Gary, Michelle, and the Milkshake Dilemma Part 2
By Gary Silverman, CFP®
Last time, Michelle Kuehner (the president of my firm) and I were discussing how to manage your food and grocery spending. You can catch up on the conversation on the blog at our website. Basically, we ended after sharing this: After you budget your housing, transportation, savings, and debt repayment, the remaining 20% of your income (based on the American Consumer Credit Counseling guidelines) will include your food. And your insurance. And clothing. And your hobby spending… In other words, everything else. Let’s return to our conversation to see if Michelle can help narrow this down.
Gary: It takes more than guidelines to manage your food budget, right?
Michelle: That’s right. And it takes more than knowing your income—although that’s important, too. So, start off by figuring out what you are actually spending right now.
G: How will that help me with my future spending?
M: If you track your spending, you are more likely to not leave certain things out when creating a budget. It’s easy to forget all of the things you purchase in a month, even if you buy them often. For example, a cat owner may forget to budget kitty litter, even though they buy it once or twice a month. Also, if you shop somewhere like Walmart for your groceries, you may pick up other household necessities when you are there. If you are being mindful of your tracking, you will note the $70 spent on food and the $30 spent on household cleaners. If you just count all of your Walmart spending as groceries, you may think you are overspending on food, even if you are not.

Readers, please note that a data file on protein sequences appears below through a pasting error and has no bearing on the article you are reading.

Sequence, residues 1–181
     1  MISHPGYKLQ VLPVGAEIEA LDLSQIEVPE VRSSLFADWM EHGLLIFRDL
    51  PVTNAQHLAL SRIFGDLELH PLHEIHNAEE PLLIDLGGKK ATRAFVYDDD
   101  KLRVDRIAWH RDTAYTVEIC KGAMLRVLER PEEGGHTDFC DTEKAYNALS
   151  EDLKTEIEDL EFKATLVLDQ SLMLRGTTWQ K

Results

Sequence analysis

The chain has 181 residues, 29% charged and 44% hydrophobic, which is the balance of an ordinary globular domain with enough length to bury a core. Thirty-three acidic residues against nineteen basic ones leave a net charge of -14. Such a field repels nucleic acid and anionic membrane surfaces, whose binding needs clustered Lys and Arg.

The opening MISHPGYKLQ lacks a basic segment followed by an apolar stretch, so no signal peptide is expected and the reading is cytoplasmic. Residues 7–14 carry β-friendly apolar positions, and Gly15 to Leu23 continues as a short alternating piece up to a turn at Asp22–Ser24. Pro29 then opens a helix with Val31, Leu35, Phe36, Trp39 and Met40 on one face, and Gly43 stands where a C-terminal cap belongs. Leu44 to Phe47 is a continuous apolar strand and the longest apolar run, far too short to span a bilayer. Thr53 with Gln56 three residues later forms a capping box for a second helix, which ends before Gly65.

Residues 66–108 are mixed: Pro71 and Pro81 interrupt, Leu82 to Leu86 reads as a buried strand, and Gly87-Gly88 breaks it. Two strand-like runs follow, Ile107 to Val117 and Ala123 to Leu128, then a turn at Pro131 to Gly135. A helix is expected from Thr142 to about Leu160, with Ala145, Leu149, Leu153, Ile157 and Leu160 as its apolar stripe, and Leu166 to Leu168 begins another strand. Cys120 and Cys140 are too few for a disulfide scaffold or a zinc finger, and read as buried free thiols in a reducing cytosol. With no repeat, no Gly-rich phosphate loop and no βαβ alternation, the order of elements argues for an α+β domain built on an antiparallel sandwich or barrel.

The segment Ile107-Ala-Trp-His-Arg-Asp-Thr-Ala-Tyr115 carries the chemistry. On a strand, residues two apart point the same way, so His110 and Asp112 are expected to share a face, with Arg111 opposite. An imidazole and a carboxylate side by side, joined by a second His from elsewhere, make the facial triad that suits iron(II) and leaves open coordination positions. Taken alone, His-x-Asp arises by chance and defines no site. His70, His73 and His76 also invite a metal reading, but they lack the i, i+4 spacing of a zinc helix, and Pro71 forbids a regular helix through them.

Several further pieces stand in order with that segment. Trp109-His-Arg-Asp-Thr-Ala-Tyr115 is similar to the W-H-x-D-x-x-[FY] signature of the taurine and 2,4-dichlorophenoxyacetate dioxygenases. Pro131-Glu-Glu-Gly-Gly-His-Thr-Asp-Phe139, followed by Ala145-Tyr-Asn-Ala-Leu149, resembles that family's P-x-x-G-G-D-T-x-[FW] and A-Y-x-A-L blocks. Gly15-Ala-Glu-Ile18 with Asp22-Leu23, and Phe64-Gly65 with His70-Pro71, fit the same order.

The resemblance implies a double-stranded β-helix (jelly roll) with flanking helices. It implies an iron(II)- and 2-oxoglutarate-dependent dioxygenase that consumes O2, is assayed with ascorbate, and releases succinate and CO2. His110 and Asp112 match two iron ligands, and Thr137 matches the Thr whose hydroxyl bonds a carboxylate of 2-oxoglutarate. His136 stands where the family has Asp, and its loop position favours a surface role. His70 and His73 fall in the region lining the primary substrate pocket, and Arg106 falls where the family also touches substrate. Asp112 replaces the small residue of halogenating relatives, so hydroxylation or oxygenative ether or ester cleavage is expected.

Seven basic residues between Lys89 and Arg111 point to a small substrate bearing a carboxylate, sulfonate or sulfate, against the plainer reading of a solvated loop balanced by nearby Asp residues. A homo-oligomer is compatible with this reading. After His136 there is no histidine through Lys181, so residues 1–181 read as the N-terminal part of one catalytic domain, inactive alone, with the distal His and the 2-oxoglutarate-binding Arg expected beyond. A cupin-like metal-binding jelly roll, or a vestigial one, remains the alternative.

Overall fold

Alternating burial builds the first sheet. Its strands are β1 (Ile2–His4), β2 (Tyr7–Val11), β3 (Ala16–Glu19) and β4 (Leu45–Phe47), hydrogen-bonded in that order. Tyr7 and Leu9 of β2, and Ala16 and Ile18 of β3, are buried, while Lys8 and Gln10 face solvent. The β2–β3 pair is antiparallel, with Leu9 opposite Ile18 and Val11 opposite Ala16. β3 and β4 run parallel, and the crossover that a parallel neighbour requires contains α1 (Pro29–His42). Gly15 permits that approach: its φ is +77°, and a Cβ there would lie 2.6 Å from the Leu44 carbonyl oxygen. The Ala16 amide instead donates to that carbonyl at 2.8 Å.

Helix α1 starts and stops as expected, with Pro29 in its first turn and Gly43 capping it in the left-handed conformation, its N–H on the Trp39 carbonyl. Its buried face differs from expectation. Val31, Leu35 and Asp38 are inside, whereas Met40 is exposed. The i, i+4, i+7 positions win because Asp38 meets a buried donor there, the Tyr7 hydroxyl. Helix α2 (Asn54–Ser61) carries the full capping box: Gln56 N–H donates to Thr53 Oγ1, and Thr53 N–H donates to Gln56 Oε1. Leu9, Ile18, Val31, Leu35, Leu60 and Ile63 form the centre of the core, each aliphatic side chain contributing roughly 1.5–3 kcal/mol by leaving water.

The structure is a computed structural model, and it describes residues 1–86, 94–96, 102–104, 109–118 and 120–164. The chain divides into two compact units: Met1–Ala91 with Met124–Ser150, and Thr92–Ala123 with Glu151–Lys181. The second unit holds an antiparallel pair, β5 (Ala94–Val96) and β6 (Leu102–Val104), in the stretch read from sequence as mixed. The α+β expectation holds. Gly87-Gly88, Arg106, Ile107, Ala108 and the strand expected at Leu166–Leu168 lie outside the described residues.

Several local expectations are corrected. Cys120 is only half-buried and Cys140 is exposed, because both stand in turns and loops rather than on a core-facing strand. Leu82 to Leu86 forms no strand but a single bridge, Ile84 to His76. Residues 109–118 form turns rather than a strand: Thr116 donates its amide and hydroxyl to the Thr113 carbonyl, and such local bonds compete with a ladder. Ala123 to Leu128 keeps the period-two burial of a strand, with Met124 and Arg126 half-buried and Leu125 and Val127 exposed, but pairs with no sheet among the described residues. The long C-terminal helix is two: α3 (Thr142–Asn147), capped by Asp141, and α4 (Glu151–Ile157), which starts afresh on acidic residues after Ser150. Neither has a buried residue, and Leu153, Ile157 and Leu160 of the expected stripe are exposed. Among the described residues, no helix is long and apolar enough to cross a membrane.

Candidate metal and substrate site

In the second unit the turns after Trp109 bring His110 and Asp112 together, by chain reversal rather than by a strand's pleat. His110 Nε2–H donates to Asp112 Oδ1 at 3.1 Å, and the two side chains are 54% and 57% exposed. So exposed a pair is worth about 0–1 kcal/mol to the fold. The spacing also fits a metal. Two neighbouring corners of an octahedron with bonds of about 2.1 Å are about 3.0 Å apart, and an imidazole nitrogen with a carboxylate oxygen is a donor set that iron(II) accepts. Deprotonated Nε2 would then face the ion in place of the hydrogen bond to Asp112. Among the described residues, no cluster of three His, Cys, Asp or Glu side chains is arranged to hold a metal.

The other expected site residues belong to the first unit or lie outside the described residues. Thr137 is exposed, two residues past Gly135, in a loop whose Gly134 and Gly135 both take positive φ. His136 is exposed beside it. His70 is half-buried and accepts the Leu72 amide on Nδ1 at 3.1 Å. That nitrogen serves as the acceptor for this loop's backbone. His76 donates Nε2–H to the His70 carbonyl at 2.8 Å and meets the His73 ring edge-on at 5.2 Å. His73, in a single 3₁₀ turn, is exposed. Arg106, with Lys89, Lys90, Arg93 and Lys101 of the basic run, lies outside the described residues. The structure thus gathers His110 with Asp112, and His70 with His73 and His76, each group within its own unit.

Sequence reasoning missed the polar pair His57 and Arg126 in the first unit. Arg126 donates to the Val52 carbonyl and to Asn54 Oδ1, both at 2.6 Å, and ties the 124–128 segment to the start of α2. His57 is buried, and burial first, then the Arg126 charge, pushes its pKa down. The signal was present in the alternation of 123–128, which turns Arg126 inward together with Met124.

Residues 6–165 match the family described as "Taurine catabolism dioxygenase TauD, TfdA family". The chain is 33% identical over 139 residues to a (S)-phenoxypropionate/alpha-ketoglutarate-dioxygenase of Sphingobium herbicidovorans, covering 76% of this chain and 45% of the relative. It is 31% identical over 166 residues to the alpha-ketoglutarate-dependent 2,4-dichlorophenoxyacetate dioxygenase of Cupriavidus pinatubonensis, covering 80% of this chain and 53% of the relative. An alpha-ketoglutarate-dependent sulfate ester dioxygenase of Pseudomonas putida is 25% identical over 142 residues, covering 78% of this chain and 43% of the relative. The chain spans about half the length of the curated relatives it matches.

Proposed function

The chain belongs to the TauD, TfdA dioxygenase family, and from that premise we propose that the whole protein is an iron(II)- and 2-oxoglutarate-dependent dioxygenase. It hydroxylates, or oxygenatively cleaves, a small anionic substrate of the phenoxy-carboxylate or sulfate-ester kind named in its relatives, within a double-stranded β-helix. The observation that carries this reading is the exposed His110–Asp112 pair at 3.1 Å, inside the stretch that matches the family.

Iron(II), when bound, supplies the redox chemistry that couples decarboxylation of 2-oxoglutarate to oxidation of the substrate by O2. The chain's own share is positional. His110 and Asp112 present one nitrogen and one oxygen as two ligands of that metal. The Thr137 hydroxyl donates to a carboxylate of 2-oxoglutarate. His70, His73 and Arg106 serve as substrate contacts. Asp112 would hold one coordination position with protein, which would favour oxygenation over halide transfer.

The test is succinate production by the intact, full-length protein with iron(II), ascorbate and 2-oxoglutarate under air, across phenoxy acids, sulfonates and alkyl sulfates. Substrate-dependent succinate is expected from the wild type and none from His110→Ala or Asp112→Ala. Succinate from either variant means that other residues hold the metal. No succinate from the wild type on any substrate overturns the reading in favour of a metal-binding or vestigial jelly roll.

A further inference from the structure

G: I don’t think many people track their spending prior to attempting to work on a budget.
M: Right. This may be why many become so frustrated with the process. If they track their spending for a month or two, and then compare how much they are spending to the guidelines we discussed last time, they will have a starting point based on their own lives.
G: So, if someone tracks all of their spending, and all of the other categories such as housing and transportation are in line, but their “other,” which includes food, is too high, should they go on a diet?
M: Don’t worry Gary, we should be able to find a way to fit in those milkshakes.
M: As you know, when it comes to finances and grocery shopping, there’s no such thing as “one-size-fits-all.” Each family will have to make adjustments according to their own lives. If their house is paid off, they may have more money for savings, or for dining out. As you like to say, “It depends.” If a family takes these first steps and is still coming up short, they may want to reach out for help or read more online about finding discounts in different areas of their lives.
G: I think I saw a coupon for Arby’s in the paper…
M: That’s a start.
Gary Silverman, CFP® is the founder of Personal Money Planning, LLC, a Wichita Falls retirement planning and investment management firm and author of Real World Investing